Military child donates essentials to Chad organizations

Donated items displayed

Ben Ringquist helped fund more than 100 Euros worth of soap, mosquito nets, and topical medicines for a group of 75 street children in Chad. Photo courtesy of Ringquist family.

By Mac Hightower, Stuttgart Citizen volunteer

When Ben Ringquist heard how commonplace it is in Chad for hungry orphans to sleep outside shops in the dirt, he found a cause.

His father, Lt. Col. John Rinquist, who had been on duty in the central African country, had told Ben, 13, how the lucky kids have sleeping mats, but must roll them up and hide them in trees during daylight — hoping that their sole possession isn’t stolen.

“I wanted to help children,” Ben Ringquist said. “It’s hard to believe some grow up in these conditions. I wanted to make their lives just a little better.”

April is Month of the Military Child — a time to appreciate and honor the sacrifices made by children of service members and the challenges they overcome.

Ben epitomizes the characteristics of a military child. Just starting his teens, he’s lived in six cities across four different countries.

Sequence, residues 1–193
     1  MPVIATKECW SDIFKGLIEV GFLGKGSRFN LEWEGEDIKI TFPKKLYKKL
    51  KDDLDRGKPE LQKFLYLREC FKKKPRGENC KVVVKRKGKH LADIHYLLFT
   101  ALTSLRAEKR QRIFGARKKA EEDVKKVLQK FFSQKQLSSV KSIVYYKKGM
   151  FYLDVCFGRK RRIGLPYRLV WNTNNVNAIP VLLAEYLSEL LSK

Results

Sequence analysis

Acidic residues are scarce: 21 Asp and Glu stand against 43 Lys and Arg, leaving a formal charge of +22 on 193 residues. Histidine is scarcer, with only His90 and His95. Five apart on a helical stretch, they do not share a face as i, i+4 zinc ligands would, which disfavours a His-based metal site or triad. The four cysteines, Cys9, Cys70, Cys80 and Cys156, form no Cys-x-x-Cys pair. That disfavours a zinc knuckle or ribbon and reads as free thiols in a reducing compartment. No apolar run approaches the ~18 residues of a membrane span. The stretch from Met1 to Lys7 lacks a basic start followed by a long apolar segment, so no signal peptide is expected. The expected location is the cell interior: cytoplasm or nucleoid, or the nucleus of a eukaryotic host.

“I don’t have an area you would call home,” Ben said, adding that the hardest part of moving is integrating into a new school. “I have to make new friends.”

The Ringquist family maintains a 15-year tradition of giving back. Each year, around the winter holiday season, Ben chooses a cause that he and his family are going to donate to by way of time, resources or money.

Next, he researches the best ways to help their chosen cause and decides what form the family’s donation will take. Previous recipients include local artisans, a few 5-k charity races, and a housekeeper in Nigeria who wanted to start her own business.

This year, Ben donated to a clinic in Chad, which serves over 300 displaced children, specifically former child soldiers and former sex workers between the ages of seven and 15, providing them with resettlement assistance and education.

Chad Boy Scouts

Donated books, cloth, a medical kit, sewing kits, and solar powered lights were delivered to the Boy Scouts of Chad. Photo courtesy of Ringquist family.

Ben earned money by doing extra chores, selling stuff, and the occasional monetary award for an academic challenge. It was enough to buy 40 yards of thick cloth for blankets, solar powered lights, sewing kits, medical supplies, mosquito nets, handkerchiefs, compasses, and 100 Euros worth of soap.

His father personally delivered the supplies to Ben’s chosen NGO and the Boy Scouts of Chad. “He’s resilient. He’s curious, empathetic, and infinitely creative,” his father said. “He wants to make the world a better place.”